So many things from our cultural background color our perspective, which makes it difficult to see where we might be wrong. Compulsory retirement at a set age is one. I’m all for having people change roles once their capacity is diminished. I’m all for younger leaders having high-level engagement in any organization.
But I see no clear biblical teaching to argue for what many ministries do when someone reaches 62 or 65, or even 70. In fact, I would suggest that if the Bible says anything, it would tend to illustrate quite the opposite. By way of negative illustration from the OT, it was often (not always) when a much younger king was ruling Israel that the situation deteriorated for Israel—especially when they did not listen to their elders. In the NT and OT, elders are to be honored and respected. Elders in the church are “to lead.”
Here are two examples of policies that lack wisdom:
Several years ago, I met a judge who served the State of California court system. The governor had appointed him back in the 1960s and when I met him, he was almost 80 years old and still serving. While the legal system in California desperately needed (and needs) a wise experienced judge, when he turned (about) 70 he was told he could keep serving, but would have to take a 50% pay cut. He continued and I always enjoyed hearing him tell about some of the significant cases over which he presided. I once read about a very public case on the front page of the LA Times where he was quoted. I was impressed that a younger, less experienced and respected judge could not have done what he did in that case. When I talked with him, I sensed that he felt he had no time to mess around! Age does not need to bring apathy, it can foster urgency.
Just a week ago at church, I was talking to an older “retired” missionary. He is still teaching part time—which he’s done full-time for the last 30 years—after years of serving overseas. He is also continuing to work on technical projects and publishing in his areas of education and strength—often spending months in Asia. His brother is also a missionary. He worked on campuses for many years. At a certain age, he was told that he would have to retire. At the time, he also had a very effective men’s ministry/study at his church. Students and men and other leaders looked to him for wisdom.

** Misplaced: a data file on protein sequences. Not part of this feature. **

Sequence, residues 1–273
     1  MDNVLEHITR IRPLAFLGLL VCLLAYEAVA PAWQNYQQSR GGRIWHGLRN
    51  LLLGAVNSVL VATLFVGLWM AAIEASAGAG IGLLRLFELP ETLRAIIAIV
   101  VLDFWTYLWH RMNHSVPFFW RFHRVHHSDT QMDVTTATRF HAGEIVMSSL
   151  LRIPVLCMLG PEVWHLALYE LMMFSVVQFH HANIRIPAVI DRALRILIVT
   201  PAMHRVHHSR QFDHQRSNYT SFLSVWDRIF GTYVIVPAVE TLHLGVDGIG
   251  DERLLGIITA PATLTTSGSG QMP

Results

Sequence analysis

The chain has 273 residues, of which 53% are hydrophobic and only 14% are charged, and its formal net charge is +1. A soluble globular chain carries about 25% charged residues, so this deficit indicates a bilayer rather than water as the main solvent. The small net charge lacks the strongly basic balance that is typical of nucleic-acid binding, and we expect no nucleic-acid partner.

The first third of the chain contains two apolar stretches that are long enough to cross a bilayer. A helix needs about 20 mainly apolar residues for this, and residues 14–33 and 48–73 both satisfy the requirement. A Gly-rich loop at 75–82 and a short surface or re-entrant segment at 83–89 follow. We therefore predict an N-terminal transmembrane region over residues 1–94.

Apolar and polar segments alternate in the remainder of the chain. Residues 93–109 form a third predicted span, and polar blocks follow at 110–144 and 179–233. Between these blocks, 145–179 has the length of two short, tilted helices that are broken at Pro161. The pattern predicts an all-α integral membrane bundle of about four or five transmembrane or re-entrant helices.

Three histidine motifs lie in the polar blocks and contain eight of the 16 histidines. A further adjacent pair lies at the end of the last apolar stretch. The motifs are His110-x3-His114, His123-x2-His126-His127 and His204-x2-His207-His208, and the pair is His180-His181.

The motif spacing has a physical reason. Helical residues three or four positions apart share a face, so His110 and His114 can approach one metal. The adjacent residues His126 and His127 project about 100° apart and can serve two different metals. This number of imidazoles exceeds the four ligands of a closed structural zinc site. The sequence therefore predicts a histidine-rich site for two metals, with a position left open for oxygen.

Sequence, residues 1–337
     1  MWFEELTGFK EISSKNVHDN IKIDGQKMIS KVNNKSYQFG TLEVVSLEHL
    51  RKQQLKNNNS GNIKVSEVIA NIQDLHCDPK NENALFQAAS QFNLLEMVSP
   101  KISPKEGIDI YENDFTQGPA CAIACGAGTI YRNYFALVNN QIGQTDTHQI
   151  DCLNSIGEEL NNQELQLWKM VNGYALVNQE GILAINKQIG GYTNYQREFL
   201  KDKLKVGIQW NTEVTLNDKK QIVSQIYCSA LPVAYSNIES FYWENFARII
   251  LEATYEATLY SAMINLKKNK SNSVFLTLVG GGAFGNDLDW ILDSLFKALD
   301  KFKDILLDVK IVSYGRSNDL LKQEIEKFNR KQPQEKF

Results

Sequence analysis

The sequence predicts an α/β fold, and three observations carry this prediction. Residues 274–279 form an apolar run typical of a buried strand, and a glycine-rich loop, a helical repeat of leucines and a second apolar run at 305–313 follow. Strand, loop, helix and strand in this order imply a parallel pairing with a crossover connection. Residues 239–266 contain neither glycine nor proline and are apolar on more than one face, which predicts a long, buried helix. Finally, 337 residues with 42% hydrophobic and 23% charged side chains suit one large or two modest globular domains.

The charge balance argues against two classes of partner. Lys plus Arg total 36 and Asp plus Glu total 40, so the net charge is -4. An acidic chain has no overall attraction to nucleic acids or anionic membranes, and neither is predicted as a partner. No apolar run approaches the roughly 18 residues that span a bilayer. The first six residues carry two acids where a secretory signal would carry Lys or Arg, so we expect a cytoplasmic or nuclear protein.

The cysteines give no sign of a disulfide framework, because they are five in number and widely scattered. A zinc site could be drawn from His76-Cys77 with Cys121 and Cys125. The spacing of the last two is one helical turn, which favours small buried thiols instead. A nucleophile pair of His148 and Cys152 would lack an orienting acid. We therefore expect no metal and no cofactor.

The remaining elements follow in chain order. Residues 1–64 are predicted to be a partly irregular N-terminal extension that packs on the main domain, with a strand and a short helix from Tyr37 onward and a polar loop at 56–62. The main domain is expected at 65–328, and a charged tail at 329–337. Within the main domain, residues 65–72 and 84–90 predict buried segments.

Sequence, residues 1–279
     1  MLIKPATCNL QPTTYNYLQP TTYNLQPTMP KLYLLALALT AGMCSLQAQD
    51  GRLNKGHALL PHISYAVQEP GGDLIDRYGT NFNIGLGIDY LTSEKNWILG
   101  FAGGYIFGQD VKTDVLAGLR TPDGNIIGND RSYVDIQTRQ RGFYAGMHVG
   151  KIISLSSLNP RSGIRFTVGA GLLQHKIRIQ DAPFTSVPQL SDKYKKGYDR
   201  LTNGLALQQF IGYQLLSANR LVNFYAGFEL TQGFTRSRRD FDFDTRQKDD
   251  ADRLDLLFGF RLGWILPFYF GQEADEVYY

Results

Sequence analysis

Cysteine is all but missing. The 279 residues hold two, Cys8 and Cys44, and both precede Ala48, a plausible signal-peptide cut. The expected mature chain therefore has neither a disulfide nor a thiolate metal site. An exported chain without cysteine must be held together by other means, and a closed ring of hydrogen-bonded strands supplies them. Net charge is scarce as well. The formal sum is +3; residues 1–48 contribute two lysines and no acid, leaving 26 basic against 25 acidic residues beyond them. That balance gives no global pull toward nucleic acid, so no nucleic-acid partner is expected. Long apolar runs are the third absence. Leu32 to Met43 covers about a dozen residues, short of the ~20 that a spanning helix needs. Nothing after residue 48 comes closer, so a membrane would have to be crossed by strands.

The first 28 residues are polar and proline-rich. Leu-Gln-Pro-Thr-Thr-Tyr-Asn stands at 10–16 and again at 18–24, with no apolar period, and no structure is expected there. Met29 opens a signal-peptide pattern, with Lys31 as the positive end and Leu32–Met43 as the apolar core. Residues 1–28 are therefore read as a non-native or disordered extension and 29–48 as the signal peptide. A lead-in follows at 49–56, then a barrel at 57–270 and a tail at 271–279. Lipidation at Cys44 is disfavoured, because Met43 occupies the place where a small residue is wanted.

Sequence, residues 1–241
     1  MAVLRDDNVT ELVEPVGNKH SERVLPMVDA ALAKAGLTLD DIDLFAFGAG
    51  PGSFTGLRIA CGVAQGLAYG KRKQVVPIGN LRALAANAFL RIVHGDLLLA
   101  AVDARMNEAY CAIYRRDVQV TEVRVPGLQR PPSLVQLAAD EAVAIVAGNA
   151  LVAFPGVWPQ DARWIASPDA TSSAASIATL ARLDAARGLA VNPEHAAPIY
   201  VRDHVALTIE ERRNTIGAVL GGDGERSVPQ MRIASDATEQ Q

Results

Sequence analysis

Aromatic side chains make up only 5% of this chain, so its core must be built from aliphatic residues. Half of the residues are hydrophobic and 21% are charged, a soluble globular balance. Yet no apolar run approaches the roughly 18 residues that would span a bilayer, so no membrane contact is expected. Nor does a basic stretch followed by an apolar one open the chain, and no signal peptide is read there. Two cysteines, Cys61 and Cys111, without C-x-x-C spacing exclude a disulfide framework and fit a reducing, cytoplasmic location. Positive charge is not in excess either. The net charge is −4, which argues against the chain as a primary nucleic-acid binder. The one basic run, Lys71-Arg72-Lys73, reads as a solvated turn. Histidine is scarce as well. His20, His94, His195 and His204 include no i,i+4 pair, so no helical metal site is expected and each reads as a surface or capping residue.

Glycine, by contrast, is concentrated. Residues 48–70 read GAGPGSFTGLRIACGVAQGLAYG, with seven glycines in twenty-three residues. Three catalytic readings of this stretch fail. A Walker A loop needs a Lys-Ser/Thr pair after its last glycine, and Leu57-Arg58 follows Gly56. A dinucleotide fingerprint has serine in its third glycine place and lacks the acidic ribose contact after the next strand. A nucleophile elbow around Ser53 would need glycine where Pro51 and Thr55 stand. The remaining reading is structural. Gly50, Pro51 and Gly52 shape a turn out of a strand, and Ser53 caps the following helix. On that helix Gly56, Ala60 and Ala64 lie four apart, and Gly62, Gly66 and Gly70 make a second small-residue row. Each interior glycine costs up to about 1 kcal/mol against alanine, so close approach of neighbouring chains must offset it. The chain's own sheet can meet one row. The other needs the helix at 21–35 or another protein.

So he continues to mentor and teach, traveling around the world with various groups doing training. He is “free” to still do ministry and it sounded like he is seeing more and more impact as a result of his faithfulness, experience and wisdom.
We probably all know of people who have held on to control for too long. Rather than set a year for required “retirement” from a particular role—even top leadership roles—I suggest we have systems in place to effectively evaluate people at various life stages. This could be a great step help to leaders who need to process through their own growth and focus on where God has expressly gifted them for their next years. There are a number of tools to help ministries do this. When the time is right to pass the top role to another, processing it beforehand will help leaders see that continuing to run the day-to-day operations of their ministry (or business) may no longer be where God wants to use them. I realize that sometimes that is not easy to accept.
Our culture of dishonoring those who are older is reflected in much of our marketing and media culture. We’ve bought into it, along with the materialism it promotes. I encourage you to resist.
Do you have an older person who speaks into your life? Is there someone you have sought for wisdom on a regular basis? If not, seek one or two, perhaps with strengths in different areas you feel would help you.
Even as I grow wiser (I hope) at this stage of my own life, I increasingly feel the need for the wisdom of someone older who has walked this way before.